Almost $2 Billion in Welfare Waste Weeded Out
Lottery winners on welfare, millionaires on food stamps and supervisors that turn a blind eye to fraud; these are the stories that drive Pennsylvanians crazy. But the Department of Public Welfare (DPW) has good news. Thanks to efforts preventing abuse, the department has saved almost $2 billion since 2011.
That’s billions of dollars that will go to the truly needy instead of those “working the system.” Savings include:
- $338 million from partnering with the Office of Inspector General:
- $233.7 million in “cost avoidance,” or the cost of fraud for six months. The administration assumes all 75,698 cases deemed high-risk since January 2011 would have resulted in some type of fraud.
- $97.5 million from actual overpayment recoveries,
- and $6.7 million from program disqualifications after 3,879 fraud actions, 2,944 of which were criminal complaints, according to DPW.
- $476 million through DPW’s integrity efforts, including:
- $10.9 million from reviewing out-of-state Electronic Benefit Transfer card use,
- $6.9 million from cross-checking federal and state income and benefit information,
- plus casualty, health insurance and estate audit recoveries.
- $1.1 billion from cost avoidance, or stopping fraud before it begins via recipient restrictions programs, reviewing managed care organizations and making sure Medicaid is the payer of last resort.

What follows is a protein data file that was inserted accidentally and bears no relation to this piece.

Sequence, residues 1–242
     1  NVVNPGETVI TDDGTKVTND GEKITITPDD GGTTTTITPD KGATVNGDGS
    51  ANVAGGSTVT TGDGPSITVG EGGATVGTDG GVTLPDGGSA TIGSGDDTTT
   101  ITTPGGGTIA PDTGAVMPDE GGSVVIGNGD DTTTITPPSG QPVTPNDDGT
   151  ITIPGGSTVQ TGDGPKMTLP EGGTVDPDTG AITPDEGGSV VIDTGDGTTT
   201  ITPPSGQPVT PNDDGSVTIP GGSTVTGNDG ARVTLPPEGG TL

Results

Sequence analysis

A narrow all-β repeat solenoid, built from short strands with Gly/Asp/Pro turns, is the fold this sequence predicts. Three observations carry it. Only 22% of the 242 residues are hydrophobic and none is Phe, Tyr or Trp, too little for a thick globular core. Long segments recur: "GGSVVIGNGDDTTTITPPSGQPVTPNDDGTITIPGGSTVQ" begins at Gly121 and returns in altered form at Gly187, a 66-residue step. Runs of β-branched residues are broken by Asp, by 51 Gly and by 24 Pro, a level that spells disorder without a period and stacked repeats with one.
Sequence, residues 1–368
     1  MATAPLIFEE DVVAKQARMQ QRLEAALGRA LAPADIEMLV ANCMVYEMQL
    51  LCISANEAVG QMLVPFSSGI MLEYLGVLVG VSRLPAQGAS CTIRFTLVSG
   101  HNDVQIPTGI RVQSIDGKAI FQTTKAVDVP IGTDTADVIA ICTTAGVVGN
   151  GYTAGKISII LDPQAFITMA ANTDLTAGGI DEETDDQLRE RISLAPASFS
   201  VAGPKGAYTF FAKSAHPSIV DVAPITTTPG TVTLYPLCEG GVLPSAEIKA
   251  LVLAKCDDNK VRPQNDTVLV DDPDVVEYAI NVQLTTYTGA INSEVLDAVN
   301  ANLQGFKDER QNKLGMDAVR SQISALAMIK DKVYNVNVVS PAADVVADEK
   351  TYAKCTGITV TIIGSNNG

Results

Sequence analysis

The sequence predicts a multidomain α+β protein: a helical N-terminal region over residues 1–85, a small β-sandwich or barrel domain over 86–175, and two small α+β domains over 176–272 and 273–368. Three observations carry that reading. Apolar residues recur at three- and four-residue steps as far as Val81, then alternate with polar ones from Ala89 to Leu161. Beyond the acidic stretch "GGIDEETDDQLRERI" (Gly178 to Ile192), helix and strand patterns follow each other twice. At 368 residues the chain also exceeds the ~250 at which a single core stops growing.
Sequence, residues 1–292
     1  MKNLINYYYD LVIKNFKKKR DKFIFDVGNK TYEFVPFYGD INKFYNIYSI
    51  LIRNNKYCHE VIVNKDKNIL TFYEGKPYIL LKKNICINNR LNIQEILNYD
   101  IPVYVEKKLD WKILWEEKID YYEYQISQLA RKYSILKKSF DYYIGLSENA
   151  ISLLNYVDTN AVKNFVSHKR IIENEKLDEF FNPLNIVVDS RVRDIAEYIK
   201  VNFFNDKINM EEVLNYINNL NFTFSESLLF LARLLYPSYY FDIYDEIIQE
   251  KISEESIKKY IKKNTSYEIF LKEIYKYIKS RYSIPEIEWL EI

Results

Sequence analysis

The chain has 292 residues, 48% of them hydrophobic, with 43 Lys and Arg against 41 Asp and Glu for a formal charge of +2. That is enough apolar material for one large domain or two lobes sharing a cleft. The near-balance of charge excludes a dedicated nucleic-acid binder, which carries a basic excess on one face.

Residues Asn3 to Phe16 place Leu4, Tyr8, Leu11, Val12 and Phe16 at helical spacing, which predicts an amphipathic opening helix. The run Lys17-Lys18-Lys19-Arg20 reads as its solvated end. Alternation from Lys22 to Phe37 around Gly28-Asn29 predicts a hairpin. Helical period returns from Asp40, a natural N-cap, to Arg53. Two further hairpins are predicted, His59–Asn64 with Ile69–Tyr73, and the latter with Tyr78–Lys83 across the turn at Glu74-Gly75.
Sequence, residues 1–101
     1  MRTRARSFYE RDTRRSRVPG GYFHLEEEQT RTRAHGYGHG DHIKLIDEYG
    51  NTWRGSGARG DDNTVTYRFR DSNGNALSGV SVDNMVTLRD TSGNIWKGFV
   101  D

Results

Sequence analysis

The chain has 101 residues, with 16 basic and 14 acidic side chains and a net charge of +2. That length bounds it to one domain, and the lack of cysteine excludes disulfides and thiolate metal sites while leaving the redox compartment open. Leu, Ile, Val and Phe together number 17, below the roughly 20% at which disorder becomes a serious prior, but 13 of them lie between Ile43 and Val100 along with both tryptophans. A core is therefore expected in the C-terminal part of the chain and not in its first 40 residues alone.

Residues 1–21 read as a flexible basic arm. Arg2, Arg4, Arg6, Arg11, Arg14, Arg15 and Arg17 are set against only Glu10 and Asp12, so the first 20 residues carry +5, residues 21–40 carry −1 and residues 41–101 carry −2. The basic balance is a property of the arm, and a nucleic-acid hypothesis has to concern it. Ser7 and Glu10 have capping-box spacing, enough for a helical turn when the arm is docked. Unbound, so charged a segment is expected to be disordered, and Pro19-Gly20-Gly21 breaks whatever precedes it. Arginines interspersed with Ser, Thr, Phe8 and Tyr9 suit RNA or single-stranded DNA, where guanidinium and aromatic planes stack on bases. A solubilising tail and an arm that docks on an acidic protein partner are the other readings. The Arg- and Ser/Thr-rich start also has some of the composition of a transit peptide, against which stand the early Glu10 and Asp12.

DPW Budget Director David Spishock noted, “We will try to save dollars up front to save the money before it goes out the door instead of going back and paying and chasing the money later on.”
The transition from pay and chase to upfront detection is a welcome development. In addition, legislation sponsored by Rep. C. Adam Harris to restrict welfare for lottery winners passed the state house. And forthcoming legislation by Senators Argall and Scarnati to increase fraud penalties, address lottery winners, cut down on EBT card fraud and adjust the food stamp (SNAP) asset test would add deterrents for those out to game the system.
However, Pennsylvania can make the welfare system even more secure and, most importantly, more effective at alleviating poverty by restructuring programs to encourage employment and ultimately independence. How? By continuing to pursue more flexibility from the federal government to customize anti-poverty programs and tackling the welfare cliff, where families’ lose income for taking a promotion or working longer hours.